WARNING: Graphic Images - Heartbreaking images have shown the reality faced by animal shelters on a daily basis.
“This is just one euthanasia day in one shelter,” Animal Reality Exposed wrote on Facebook along with two images of several dogs lined up after being euthanised at a US shelter.
It isn’t clear which shelter the undated images were taken at, however the organisation shared the sad images to encourage people to adopt from shelters instead of buying dogs from pet shops or breeders, as well as taking the step of desexing pets to prevent unwanted litters.
“These dogs were once pets. They were the products of ‘accidental’ or ‘I want my baby girl to have her own puppies’ litters.
“They were the ‘free to good home’ puppies posted in every online yard sale group. All of them had a story, and none of them deserved to have their stories end like this.
“Shelters cannot kill what they never receive, so please, we are begging you, spay and neuter your pets,” Animal Reality Exposed continued.
The reality of euthanising shelter dogs is not limited to American shelters. As pets are lost, surrendered or rescued from animal cruelty, shelters often become overwhelmed with cases and resort to euthanasia for a variety of reasons.
The RSPCA website states it “reluctantly accepts that in certain circumstances euthanasia of an animal is unavoidable due to health behavioural or legislative reasons”.
RSPCA’s report on animal outcomes shows that between 2018 and 2019 they received 33,862 dogs and while the majority were reclaimed by their owners or rehomed, 4,308 dogs were euthanised - a number which has been declining from previous years.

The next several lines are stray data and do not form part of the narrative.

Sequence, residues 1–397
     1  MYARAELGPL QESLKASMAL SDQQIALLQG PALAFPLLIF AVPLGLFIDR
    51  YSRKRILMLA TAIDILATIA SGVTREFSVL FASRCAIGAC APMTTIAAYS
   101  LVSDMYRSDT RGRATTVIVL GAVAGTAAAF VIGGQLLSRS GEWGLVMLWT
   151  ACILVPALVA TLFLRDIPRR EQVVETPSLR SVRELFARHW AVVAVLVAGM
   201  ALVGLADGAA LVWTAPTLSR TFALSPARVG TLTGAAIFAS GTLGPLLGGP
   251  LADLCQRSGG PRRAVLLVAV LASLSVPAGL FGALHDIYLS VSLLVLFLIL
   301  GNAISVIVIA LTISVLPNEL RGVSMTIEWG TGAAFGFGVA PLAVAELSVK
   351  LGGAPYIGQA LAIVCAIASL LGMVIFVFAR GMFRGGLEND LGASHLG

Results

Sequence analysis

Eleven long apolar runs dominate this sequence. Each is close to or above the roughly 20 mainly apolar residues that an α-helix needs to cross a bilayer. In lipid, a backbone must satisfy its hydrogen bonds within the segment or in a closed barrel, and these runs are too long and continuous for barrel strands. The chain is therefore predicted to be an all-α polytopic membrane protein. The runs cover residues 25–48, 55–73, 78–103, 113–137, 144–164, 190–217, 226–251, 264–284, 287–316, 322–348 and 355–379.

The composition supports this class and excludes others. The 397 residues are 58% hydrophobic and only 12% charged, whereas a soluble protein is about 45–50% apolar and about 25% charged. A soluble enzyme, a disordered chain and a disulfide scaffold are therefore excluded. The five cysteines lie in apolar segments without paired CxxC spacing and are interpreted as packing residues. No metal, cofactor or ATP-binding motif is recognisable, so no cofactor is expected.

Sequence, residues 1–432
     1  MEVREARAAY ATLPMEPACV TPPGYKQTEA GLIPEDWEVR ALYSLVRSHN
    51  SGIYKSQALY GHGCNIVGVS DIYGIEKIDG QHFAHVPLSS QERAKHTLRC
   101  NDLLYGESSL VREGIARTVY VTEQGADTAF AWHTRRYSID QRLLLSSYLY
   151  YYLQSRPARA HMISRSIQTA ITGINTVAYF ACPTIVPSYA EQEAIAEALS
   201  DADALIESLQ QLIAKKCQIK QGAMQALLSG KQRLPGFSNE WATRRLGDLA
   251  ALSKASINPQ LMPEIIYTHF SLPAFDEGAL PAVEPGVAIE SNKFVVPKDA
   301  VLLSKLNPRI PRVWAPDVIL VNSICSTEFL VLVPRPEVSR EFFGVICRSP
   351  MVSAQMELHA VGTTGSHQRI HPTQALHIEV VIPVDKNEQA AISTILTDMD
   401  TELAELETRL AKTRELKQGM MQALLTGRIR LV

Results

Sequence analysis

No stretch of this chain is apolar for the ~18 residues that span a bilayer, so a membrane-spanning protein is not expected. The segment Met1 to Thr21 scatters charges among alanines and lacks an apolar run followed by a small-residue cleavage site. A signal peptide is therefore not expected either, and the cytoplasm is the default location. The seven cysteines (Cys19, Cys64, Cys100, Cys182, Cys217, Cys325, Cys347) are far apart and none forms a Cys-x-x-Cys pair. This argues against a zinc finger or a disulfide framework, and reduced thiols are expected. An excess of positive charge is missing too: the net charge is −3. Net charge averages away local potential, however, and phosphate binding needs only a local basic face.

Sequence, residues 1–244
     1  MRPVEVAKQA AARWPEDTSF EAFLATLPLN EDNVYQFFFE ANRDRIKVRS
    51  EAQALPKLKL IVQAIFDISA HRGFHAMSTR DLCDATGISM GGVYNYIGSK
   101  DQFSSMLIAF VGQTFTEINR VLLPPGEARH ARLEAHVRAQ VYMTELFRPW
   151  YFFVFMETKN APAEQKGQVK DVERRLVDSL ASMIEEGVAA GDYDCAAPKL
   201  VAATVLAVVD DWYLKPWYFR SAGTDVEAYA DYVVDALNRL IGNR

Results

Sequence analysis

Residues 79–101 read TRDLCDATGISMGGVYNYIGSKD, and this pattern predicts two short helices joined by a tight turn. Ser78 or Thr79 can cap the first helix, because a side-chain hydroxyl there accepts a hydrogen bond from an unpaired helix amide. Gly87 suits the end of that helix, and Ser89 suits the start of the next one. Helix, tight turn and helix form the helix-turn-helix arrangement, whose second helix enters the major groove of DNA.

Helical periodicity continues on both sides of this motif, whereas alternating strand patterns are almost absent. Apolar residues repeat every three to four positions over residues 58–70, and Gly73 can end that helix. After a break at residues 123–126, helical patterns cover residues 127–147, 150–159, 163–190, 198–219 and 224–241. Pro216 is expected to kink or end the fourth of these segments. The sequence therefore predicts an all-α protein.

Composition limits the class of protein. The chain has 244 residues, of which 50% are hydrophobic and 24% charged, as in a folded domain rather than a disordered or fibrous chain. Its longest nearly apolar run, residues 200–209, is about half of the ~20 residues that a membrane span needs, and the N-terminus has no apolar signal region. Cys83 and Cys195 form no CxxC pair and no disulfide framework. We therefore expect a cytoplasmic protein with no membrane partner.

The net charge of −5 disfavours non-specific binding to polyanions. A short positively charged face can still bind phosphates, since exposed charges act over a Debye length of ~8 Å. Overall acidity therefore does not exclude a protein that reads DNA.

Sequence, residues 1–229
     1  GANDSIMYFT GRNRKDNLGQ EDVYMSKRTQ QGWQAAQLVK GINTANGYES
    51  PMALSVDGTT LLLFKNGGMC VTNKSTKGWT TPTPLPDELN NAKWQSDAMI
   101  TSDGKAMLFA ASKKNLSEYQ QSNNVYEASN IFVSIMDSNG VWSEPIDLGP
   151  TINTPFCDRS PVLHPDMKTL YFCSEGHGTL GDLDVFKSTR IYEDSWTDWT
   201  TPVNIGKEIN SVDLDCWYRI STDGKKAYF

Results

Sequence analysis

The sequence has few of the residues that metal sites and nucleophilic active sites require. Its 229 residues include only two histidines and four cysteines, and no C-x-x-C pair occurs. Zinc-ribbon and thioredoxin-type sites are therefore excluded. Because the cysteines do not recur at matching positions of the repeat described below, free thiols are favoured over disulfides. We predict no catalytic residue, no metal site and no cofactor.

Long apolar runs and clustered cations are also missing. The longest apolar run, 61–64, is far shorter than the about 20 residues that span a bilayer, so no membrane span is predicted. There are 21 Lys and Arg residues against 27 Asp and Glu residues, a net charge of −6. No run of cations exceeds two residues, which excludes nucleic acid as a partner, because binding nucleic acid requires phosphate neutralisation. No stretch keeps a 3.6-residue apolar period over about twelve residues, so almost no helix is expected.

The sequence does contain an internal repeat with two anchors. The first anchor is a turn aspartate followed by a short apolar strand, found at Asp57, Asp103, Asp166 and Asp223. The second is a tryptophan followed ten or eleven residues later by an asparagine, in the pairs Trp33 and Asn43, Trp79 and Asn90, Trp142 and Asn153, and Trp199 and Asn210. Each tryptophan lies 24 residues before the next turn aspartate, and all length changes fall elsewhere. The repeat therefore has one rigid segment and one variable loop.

The biggest reason the RSPCA reported for euthanising dogs in the 2018 - 2019 period was for behavioural reasons, followed by medical issues and legal reasons.
No kill shelters
No kill shelters are doing their best to make sure the amount of dogs euthanised each year in Australia continues to decrease by rescuing the dogs deemed unfit for rehoming and working with them to rehabilitate and find their forever homes.
Dog behaviourist Raphaela volunteers with Victorian no kill organisation All 4 Paws and believes all dogs can be saved.
“We had one dog that was about to be put down in Ballarat recently, the dog was deemed aggressive and we have had her about a month or so and have been working with her, she still isn’t ready to be rehomed but she is absolutely a completely different dog.
“We have seen so many dogs deemed aggressive and once they go through our network, they are completely different dogs and able to find a home,” Raphaela told Yahoo News Australia.
The cost and time it takes to rehabilitate a dog and find a new home takes its toll on the organisation, which runs solely on donations and fundraising to keep the programs running.
Raphaela estimates it can cost a minimum of $800 each week to rehabilitate a dog bought to All 4 Paws with behaviour issues and that doesn’t begin to cover their food and medical needs.
“We need at least two to six months depending on the severity of the behaviour and to spend between 10 to 20 hours each week with the dog,” she said.
Five weeks ago a male mastiff cross arrived at All 4 Paws. Raphaela said he was riddled with medical issues - an ear infection, a lump in his neck, skin issues, severely malnourished and with ears “like cauliflowers”.
He was constantly trying to steal food and would jump on the kitchen counter no matter how many times he had been fed.
After spending time with Raphaela he has gained weight, learned to behave and stolen the heart of his carer who has officially adopted him.
“Kobe still has three to five months to go to get his skin back to normal and although he unfortunately lost all his incisors and his bottom canines, he is not bothered at all,” Raphaela said.
Kobe is such a success story that he is even part of the team at All 4 Paws, helping volunteers to assess the temperament of other rescue dogs.
Being able to rehabilitate a dog that has been otherwise written off as aggressive or ready to be euthanised is a feeling that the volunteers at All 4 Paws live for and it’s what keeps them going.
“It’s rewarding and it highlights that a lot of dogs being put down don’t have to end up like that. Animals deserve to have a full life just like humans and under the right education and guidance any dog can bloom,” Raphaela said.
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